Here we see the flash head rotated to both extremes and the flash head tilted at 45°, 60°, 75°, and 90°.
When in the normal position, pointed straight forward, the flash head is locked in position. You must press the button (looking from behind) on the Right side to BOTH unlock for Swivel as well as tilt. While it may seem a good idea at the time, this may be a bit dangerous to the flash as one may forget to press the button. Thus, breaking something trying to force the flash head past the lock.
Shown above are the heads of the two flashes. The Metz is on the left. Two items should jump out. First, the Metz is slightly smaller as is the rest of the flash body. Second and more important, is the diffuser and reflectors. You will note that the Diffuser on the Metz is pushed in. This is a feature that the Pentax also has. With my particular Pentax, the operation is quite stiff but it works. On the Metz we can push the W/A diffuser back into the flash head leaving only the reflector card exposed. The Zoom head however remains zoomed at 18mm (35mm format) but can be adjusted by pressing the Para button and changing the zoom. On the Pentax, press the zoom button. You can also push the Reflector in leaving the diffuser out. Talk about Options!
For all photos of my foam person, the camera was set at M mode, f6.3 1/160 second. Due to the proximity of the camera to subject as well as flash to ceiling, the Flash Exposure Compensation was set down to -2.0. The camera (K5) is mounted on a tripod and the lens used is the Voigtlander Nokton 58mm f1:1.4.
In the tables below, you can compare the different settings. Compare flash head angle (-7°,0°,45°,60°,75°,90°) tilt, 0 or -2EV and:
The Variable Output Secondary Reflector is a feature that every flash should have. It is quite useful as a fill flash when you want to bounce the main flash light off of a wall, ceiling, card, etc. Very simply put, it assists in getting your subject fully lit (if that is your goal). Stated earlier and here again, the output of the Metz 58 secondary reflector is adjustable from full to 1/4 power. Below are samples with the main flash bounced off of a white ceiling (no reflector card), Normal zoom, and each setting of the secondary flash. Note, that the Secondary flash will not fire if the flash head is in a normal front facing position.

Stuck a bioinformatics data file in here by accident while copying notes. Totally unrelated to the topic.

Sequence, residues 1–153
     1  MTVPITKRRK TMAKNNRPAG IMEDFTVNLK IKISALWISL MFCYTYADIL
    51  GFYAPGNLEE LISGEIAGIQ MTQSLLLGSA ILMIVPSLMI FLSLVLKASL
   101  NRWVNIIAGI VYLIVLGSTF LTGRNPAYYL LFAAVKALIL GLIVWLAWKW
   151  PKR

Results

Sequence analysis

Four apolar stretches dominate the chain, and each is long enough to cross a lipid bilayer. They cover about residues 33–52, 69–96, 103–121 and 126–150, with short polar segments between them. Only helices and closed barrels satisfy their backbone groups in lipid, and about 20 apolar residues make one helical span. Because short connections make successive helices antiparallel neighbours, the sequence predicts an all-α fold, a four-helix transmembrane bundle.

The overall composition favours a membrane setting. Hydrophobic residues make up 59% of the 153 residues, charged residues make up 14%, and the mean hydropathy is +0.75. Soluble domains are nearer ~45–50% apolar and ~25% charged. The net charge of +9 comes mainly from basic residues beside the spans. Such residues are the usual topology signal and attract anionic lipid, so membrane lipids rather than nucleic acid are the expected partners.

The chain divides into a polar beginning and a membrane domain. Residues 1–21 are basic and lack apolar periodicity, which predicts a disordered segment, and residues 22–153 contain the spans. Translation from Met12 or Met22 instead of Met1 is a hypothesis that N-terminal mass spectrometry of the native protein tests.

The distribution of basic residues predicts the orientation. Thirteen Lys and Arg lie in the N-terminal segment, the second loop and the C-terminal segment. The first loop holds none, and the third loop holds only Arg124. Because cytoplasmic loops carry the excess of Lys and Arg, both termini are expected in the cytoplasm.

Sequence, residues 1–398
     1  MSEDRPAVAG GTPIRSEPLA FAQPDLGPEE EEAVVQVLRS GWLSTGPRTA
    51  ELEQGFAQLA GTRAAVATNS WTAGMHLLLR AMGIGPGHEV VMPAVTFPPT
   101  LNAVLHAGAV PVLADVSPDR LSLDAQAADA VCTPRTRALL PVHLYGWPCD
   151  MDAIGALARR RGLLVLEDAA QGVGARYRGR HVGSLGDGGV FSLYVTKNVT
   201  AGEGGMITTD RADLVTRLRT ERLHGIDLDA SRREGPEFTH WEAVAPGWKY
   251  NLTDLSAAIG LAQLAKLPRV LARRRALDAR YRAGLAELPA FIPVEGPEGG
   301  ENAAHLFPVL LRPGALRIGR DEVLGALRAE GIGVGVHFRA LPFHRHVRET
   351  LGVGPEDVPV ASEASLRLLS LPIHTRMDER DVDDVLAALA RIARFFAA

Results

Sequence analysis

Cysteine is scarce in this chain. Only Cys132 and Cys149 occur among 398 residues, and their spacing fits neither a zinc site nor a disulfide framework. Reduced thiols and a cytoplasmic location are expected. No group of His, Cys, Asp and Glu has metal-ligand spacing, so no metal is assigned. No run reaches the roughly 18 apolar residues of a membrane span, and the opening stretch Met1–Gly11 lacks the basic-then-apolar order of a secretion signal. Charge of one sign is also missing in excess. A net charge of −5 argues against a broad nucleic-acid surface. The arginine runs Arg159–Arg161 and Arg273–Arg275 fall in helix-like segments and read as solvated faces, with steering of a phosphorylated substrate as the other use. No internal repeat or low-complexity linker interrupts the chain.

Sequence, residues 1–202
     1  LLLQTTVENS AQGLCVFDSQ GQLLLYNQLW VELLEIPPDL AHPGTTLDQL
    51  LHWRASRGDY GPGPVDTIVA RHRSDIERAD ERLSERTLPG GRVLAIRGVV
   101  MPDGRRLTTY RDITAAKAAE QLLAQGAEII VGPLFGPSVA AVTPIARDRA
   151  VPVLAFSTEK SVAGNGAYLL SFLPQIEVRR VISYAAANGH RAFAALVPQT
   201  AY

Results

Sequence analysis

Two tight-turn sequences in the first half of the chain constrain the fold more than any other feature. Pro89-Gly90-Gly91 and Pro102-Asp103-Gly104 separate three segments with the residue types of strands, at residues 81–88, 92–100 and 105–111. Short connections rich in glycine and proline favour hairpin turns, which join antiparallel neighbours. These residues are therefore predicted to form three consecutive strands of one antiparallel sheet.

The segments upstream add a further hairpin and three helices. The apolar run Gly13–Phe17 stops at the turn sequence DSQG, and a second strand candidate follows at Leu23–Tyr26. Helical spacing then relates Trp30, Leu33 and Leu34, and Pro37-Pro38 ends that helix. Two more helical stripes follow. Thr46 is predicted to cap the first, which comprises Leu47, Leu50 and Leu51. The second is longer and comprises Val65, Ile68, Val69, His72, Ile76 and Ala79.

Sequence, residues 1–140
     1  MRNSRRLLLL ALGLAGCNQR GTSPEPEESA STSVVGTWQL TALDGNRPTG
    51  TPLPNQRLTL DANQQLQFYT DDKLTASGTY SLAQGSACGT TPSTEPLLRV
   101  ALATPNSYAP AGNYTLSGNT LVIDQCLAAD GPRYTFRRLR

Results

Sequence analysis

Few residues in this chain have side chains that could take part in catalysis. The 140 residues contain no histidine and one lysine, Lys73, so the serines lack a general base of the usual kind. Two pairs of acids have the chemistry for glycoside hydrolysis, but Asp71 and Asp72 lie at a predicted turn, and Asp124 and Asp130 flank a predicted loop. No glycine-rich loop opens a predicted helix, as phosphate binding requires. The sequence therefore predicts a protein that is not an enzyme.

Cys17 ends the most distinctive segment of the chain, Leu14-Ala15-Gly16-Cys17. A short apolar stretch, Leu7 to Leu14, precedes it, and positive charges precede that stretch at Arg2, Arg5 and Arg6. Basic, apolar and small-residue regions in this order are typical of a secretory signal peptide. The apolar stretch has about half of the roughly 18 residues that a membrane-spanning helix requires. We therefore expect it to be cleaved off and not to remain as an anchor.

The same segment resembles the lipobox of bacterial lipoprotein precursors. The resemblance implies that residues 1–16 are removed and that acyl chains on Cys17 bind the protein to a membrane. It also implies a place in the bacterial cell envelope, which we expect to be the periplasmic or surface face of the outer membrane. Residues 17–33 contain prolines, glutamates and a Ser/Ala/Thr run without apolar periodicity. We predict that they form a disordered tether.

In the tables below, you can compare the different settings. Compare flash head angle (45°,60°,75°,90°) tilt. 3 columns are presented.
|Full Power (EV-2)||Half Power (EV-2)||Quarter Power (EV-2)|
In addition to the multiple possibilities of the tilt, swivel, reflector card/diffuser combo, second reflector possibilities the Metz 58 AF-1 will also perform Flash Bracketing. Just like shutter speed bracketing or aperture bracketing, the Metz 58 will automatically set (once set up) to expose at 0 flash EV, and +/- 3 flash EV, in 1/3 steps. Cameras that use TTL/P-TTL can take take advantage of this as long as they allow bracketing the flash output (the K5 goes from -2 to +1). For cameras that do not, the flash must be set to A mode for flash bracketing. Below are 3 shots. -1 flash EV, 0 flash EV, and +1 flash EV respectively. When setting, the plus and minus side will be the same numeric value. That is, you cannot go from -2 to +3 for example.
The StroboScoptic Mode. THIS is a nice feature to have. Not everyone will use it but it is there for use if you choose to make use of it. What it does is fire the flash multiple times during a single exposure. With the Metz 58 you can go from one flash per second to 50 flashes per second. So if you want to do a 2 second exposure with 4 flashes you would set the flash to fire 4 times, with a frequency of 2 Hz (hertz) so you are cycling the flash once per half second for 2 seconds. This is available in P-TTL mode so that the overall exposure should be correct. The flash output will maximize with the Total of the combined flashes. The maximum output will be 1/4 power in this case. You can adjust for a weaker output but you cannot total more than the maximum output for the given shot. The photo below was taken with these settings with the flash head aimed at the subject area. The Secondary Reflector will not fire in this mode. The rail car was pushed through the frame while the shutter and flash were firing per settings. You can see by the decreasing space between the rail car images showing that it is slowing down (moving from left to right).